UPDATE: We pulled the engine and trans today, and put the correct flexplate on, which definitely has a different geometry and sits closer to the trans (i.e. not pulling the torque converter out). There was no evidence of spline or seal damage. Put it all back together and ... it runs, drives, and shifts perfectly. So my theory, #1 below, was correct. Also changed real main seal and torque converter seal since it was accessible.
Moral of the story: Always use your original flexplate / ring gear. Make sure the torque converter is seated properly, and don't pull it out if the studs seem too short. :)
So, I talked to 3 friends about my problem, and got their ideas on what may be wrong. One of them actually helped me swap the engine (extra hands), and the other two are mechanics who work in the same shop where I did the work (but weren't directly involved in the project). Based on my description of what I did, it turns out they all have the same suspicion:
- I probably pulled the torque converter out a bit too far when bolting it up to the ring gear. The output spline is long (~3/4 in), but the spline that drives the transmission fluid pump is very short (~1/4 in). Pulling the torque converter out too far would cause this pump spline to slip, which means no fluid pressure in the trans and no engagement of gears.
There is some evidence to support this theory: My torque converter has 4 studs that protrude thru bolt holes on the ring gear, and nuts are attached on the back side of the ring gear thru the starter opening. When we first connected the new engine to the trans, things slid together very nicely, but oddly the bolts did not protrude thru the openings in the ring gear, although I could see them flush just inside the holes. I put my fingers around the edge of the ring gear and "wiggled" the torque converter closer, until the bolts began to protrude, then attached nuts and gradually tightened them in sequence. I naively thought that the torque converter had simply been "pushed back" during the assembly of engine to trans; I did't have enough experience to realize that is probably not possible. If this theory is correct, it means the ring gear on the new engine is different than the old ring gear, or some other geometry is out. I know I should have used my original ring gear, but a visual inspection led me to believe they were the same!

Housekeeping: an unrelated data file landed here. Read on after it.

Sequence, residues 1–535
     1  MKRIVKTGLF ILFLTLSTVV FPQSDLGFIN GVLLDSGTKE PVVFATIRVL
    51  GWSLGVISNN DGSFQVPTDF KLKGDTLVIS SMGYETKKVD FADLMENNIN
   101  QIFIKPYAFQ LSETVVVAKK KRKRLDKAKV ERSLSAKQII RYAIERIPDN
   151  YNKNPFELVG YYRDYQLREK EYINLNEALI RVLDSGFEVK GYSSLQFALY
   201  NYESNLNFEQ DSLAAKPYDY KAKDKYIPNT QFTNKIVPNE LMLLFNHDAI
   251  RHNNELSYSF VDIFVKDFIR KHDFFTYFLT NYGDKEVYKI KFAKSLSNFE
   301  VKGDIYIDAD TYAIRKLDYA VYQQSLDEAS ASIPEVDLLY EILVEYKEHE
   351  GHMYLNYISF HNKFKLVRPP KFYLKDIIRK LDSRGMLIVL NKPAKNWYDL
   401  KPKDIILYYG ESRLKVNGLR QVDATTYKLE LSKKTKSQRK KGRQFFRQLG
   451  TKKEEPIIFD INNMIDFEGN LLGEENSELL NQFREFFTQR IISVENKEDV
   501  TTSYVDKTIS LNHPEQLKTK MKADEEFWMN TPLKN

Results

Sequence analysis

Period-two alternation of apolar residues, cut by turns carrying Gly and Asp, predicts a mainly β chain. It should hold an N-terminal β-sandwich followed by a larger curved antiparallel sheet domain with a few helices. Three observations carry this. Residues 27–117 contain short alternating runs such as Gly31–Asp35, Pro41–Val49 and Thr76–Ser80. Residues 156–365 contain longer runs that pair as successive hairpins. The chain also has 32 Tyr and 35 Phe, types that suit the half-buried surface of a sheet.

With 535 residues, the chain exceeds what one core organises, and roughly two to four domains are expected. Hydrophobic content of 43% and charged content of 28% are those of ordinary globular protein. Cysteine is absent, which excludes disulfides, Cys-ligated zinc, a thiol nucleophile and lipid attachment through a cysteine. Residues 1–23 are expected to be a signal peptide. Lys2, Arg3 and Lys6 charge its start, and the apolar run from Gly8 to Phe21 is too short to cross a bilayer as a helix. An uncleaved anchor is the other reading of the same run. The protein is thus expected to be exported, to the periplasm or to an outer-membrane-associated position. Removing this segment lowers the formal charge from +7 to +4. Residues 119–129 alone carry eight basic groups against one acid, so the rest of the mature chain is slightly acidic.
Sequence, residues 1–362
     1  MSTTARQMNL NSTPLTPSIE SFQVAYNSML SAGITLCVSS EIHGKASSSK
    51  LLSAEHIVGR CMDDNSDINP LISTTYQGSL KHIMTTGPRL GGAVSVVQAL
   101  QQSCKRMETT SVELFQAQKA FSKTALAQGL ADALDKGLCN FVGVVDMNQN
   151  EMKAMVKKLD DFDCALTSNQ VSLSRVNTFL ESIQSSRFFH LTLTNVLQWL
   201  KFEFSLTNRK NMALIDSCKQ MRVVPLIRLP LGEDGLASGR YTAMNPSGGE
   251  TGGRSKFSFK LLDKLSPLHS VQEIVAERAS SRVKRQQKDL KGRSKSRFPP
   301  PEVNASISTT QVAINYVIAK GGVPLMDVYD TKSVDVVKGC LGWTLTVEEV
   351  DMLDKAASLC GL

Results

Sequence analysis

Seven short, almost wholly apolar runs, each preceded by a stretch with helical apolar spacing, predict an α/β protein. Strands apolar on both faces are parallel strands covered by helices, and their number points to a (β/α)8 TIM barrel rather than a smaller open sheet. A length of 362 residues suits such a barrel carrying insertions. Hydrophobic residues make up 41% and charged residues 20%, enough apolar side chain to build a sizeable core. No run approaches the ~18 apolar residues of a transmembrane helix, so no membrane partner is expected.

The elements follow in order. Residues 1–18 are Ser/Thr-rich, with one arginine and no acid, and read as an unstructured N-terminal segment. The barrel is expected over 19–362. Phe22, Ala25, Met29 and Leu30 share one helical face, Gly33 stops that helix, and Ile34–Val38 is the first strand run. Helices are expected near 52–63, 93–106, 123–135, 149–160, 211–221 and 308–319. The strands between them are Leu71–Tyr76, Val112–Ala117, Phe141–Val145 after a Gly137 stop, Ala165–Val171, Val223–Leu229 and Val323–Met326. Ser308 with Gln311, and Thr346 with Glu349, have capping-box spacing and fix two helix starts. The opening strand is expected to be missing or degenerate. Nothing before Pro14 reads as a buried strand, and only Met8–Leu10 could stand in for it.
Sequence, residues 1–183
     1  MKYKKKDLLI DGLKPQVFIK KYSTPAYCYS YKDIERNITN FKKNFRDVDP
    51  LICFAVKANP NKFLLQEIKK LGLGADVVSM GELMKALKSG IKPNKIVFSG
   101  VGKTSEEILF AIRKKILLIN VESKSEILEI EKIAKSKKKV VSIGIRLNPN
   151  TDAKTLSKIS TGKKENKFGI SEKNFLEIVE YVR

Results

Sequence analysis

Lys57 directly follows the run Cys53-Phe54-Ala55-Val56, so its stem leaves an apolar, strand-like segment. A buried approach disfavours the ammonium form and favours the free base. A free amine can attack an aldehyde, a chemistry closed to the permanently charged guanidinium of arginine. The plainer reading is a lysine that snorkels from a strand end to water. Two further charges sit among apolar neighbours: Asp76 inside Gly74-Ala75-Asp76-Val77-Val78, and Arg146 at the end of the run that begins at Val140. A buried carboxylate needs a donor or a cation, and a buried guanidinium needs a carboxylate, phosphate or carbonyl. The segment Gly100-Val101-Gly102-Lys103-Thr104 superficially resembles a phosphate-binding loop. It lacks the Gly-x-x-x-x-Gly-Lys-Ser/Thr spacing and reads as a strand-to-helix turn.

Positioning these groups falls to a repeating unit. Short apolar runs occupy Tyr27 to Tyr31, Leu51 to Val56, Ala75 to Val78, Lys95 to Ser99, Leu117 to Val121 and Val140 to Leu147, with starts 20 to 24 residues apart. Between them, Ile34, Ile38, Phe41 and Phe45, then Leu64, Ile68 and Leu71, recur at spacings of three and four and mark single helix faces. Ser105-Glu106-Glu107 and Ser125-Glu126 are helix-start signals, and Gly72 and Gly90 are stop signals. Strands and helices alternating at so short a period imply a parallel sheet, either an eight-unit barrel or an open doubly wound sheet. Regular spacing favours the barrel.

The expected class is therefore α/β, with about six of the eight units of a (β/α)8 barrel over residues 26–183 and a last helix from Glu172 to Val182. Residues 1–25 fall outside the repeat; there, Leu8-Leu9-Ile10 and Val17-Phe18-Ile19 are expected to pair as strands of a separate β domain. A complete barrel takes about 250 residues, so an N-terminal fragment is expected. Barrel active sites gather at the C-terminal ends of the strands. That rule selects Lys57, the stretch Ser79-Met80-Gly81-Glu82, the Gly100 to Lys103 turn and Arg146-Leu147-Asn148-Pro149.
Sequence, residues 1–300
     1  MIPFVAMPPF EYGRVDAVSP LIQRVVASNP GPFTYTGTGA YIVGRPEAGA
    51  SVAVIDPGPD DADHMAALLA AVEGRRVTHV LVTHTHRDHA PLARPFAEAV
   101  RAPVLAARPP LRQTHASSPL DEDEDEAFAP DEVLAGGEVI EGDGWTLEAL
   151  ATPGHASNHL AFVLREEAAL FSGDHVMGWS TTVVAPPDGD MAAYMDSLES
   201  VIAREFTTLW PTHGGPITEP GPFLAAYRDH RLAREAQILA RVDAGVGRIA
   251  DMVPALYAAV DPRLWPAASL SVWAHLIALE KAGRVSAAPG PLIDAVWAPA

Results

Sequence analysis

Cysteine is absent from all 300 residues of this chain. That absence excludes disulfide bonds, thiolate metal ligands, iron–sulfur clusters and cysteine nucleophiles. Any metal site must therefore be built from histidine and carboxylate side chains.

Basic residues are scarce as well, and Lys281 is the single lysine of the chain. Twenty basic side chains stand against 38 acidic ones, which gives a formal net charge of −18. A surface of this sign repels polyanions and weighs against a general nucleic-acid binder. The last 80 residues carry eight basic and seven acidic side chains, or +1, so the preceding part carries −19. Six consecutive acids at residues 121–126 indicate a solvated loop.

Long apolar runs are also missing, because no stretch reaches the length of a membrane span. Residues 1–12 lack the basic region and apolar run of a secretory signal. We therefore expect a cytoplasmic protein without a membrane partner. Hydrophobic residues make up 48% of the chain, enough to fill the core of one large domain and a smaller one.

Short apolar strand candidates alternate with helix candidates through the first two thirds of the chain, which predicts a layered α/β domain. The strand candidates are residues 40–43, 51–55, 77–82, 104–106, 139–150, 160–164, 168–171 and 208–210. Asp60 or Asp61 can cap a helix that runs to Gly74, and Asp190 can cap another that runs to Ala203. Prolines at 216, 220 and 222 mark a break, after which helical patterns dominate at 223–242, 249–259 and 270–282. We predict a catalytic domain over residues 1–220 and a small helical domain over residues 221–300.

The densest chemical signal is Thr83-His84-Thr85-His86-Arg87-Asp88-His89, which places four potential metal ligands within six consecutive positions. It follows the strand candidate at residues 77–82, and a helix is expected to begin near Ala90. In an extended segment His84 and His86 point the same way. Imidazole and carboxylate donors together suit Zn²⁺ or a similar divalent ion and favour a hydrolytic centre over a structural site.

When bending the wiring harness out of the way, I could have broken some wires that connect the ECU to the trans. I feel this is unlikely, because I was pretty careful not to stress the wiring too much, and there is no evidence of hard or cracking insulation even on the wires that are exposed.
Some sort of contamination could have entered the trans fluid lines between the removal and re-installation of the radiator, which includes a trans fluid cooler, and fouled up the valve body or some such. (I'm pretty sure there isn't a leak, because there is no evidence of coolant contamination or loss of coolant.) But maybe some debris got into one of the hoses when it was disconnected. But I feel this is unlikely, even though I didn't cover (cap) the hoses and connectors, the area of the shop I was using was undisturbed during the three days I was there.
Air that entered the trans cooling lines could have somehow fouled things up. I think this is unlikely, or it would be a problem every time somebody changes a trans cooler / radiator.
The transmission, although high mileage, drove just fine before the swap, and just coincidentally failed while I was working on the engine. How likely is that?
I'm going with #1 for now. Unfortunately this means I need to pull either the engine or the trans again and put my original ring gear on. I will also make a careful comparison (measurements) of them. My friends feel that it is unlikely that I damaged the trans in all this, so I'm hoping they're right.